IAM Glossary

In this IAM Glossary we present some general and common IAM terms related to the Identity and Access Management. Sources:  Gartner (www.gartner.com), ISO Standards (www.iso.org) and Wikipedia.

You can also read about Spellpoint’s IAM Services.

A

Access Policy – Policy that defines how access rights are granted and removed. More formally, "to authorize" is to define an access policy. For example, human resources staff is normally authorized to access employee records and this policy is usually formalized as access control rules in a computer system. During operation, the system uses the access control rules to decide whether access requests from (authentication) shall be approved (granted) or disapproved (rejected).

Authentication – Formalized process of verification of an identity for an entity, usually done with username and password.

Authorization – Function of specifying access rights/privileges to resources related to information security and computer security in general and to access control in particular. More formally, "to authorize" is to define an access policy. For example, human resources staff is normally authorized to access employee records and this policy is usually formalized as access control rules in a computer system. During operation, the system uses the access control rules to decide whether access requests from (authentication) shall be approved (granted) or disapproved (rejected). Resources include individual files or an item's data, computer programs, computer devices and functionality provided by computer applications.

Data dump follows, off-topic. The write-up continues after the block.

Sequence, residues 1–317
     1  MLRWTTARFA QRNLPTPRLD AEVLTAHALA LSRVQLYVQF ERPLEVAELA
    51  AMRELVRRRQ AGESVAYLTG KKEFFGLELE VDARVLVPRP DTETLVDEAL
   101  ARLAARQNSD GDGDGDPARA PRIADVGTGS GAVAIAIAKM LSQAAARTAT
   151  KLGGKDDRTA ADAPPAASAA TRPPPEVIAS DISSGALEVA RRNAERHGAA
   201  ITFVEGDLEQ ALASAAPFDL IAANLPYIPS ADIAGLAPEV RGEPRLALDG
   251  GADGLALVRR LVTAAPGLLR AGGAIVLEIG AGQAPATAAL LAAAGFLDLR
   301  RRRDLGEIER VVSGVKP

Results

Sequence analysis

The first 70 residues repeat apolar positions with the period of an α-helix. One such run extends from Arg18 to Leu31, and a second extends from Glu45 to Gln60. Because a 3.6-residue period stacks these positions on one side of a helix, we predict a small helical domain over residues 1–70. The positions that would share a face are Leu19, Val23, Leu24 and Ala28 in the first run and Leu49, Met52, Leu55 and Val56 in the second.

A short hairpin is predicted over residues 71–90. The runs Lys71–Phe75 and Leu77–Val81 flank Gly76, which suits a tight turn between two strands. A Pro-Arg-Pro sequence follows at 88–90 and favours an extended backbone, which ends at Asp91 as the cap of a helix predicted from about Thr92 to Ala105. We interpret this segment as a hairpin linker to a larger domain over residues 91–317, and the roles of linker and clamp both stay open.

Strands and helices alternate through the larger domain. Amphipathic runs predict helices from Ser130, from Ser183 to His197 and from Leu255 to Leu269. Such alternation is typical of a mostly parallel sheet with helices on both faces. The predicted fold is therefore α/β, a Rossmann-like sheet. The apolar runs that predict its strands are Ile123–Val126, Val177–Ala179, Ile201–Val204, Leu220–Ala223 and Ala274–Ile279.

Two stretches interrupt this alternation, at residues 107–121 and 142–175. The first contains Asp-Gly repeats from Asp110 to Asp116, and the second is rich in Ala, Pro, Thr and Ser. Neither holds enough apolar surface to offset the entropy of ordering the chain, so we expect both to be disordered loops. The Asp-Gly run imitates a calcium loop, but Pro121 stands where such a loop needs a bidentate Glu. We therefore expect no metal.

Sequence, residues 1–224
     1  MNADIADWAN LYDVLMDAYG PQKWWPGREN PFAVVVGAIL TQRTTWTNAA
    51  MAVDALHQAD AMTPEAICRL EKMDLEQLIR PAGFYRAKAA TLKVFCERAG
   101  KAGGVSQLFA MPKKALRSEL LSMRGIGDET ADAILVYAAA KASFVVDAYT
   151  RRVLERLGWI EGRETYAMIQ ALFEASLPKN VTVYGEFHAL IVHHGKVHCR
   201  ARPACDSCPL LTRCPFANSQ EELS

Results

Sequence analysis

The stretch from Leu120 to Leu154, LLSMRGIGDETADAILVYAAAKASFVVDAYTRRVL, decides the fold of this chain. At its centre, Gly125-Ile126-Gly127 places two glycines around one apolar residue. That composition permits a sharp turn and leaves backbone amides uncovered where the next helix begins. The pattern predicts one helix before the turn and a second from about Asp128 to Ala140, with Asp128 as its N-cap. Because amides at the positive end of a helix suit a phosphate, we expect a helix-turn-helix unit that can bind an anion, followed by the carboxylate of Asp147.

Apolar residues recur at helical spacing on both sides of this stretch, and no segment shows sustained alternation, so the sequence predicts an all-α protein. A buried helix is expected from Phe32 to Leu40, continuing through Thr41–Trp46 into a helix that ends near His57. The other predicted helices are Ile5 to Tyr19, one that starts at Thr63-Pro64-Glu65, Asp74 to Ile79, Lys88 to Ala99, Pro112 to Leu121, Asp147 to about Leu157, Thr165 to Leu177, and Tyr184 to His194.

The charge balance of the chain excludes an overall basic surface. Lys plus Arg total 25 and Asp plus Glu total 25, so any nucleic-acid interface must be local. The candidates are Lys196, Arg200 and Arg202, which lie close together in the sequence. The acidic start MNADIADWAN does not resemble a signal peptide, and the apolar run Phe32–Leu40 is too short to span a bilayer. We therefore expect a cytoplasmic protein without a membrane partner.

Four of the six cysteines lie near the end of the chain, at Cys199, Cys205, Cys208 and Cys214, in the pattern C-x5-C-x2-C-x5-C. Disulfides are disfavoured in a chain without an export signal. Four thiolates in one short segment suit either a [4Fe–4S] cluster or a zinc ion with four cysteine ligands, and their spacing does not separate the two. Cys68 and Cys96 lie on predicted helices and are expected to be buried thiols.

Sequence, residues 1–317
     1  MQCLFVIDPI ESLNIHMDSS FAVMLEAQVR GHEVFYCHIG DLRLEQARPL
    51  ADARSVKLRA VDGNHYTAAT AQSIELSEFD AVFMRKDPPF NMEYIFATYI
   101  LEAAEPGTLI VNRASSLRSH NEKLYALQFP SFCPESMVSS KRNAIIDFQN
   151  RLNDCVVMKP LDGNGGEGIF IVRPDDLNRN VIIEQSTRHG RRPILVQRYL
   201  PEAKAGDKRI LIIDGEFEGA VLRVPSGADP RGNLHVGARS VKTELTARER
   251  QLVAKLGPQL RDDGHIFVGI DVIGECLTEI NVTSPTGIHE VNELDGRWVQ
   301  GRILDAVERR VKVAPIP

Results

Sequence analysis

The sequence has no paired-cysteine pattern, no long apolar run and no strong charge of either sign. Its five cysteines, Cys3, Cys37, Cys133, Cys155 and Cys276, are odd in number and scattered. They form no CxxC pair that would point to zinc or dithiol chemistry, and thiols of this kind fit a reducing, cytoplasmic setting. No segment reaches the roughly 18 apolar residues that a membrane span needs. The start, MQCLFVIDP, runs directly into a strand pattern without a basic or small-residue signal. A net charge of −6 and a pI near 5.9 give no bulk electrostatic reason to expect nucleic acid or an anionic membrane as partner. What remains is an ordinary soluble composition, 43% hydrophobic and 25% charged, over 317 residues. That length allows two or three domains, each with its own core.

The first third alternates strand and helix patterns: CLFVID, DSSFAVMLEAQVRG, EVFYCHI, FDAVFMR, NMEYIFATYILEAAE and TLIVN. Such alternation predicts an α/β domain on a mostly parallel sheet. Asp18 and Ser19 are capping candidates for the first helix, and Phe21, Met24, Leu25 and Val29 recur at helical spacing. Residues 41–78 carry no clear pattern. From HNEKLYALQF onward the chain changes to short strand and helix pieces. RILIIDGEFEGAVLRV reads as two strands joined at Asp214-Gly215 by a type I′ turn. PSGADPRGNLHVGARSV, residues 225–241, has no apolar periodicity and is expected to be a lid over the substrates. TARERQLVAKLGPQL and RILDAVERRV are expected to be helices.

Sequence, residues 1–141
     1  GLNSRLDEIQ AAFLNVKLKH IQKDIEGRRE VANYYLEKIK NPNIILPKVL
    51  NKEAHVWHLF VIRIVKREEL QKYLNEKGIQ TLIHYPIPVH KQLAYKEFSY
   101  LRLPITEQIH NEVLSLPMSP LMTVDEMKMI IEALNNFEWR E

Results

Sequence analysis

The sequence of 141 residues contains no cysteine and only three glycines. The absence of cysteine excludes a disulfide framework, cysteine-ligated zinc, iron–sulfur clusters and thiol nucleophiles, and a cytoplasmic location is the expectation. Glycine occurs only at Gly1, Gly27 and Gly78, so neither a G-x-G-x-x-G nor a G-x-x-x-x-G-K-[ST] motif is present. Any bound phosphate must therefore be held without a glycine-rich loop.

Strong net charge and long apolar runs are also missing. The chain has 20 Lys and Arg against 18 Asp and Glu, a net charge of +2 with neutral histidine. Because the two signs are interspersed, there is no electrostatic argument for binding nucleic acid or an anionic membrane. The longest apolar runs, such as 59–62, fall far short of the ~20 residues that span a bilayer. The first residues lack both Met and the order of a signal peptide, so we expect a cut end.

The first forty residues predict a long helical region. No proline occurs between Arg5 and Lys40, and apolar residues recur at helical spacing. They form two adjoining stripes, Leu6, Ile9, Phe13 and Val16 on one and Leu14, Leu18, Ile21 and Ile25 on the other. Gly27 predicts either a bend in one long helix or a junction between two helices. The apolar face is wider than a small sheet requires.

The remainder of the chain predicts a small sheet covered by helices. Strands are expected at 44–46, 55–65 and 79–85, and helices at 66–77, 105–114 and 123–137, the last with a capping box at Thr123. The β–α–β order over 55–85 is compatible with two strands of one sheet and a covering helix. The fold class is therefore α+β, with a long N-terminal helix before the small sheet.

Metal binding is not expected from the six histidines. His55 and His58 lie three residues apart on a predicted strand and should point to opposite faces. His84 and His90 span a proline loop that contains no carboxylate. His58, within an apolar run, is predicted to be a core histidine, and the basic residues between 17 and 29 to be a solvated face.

F

Federation – Agreement between two or more domains specifying how identity information will be exchanged and managed for cross-domain identification purposes.  

I

Identity and Access Management (IAM) – Security discipline that enables the right individuals to access the right resources at the right times for the right reasons. Read about Spellpoint's Identity and Access Management services.

Identity Management (IdM) – 1) Management of individual identities, their authentication, authorization, roles and privileges within or across system and enterprise boundaries. 2) Processes and policies involved in managing the lifecycle and value, type and optional metadata of attributes in identities known in a particular domain. More info on Spellpoint's Identity Management services.

S

Single Sign-On (SSO) – A property of access control of multiple related, yet independent, software systems. With this property, a user logs in with a single authentication (such as username and password) to gain access to a connected system or systems without using different authentications (usernames or passwords), or in some configurations seamlessly sign-on at each system. Read more about Spellpoint's Single Sign-On (SSO) services.

U

User Provisioning – User provisioning refers to the creation, maintenance and deactivation of user objects and user attributes, as they exist in one or more systems, directories or applications, in response to automated or interactive business processes. User provisioning software may include one or more of the following processes: change propagation, self-service workflow, consolidated user administration, delegated user administration, and federated change control. User objects may represent employees, contractors, vendors, partners, customers or other recipients of a service. Read more about Spellpoint's user provisioning and identity management services.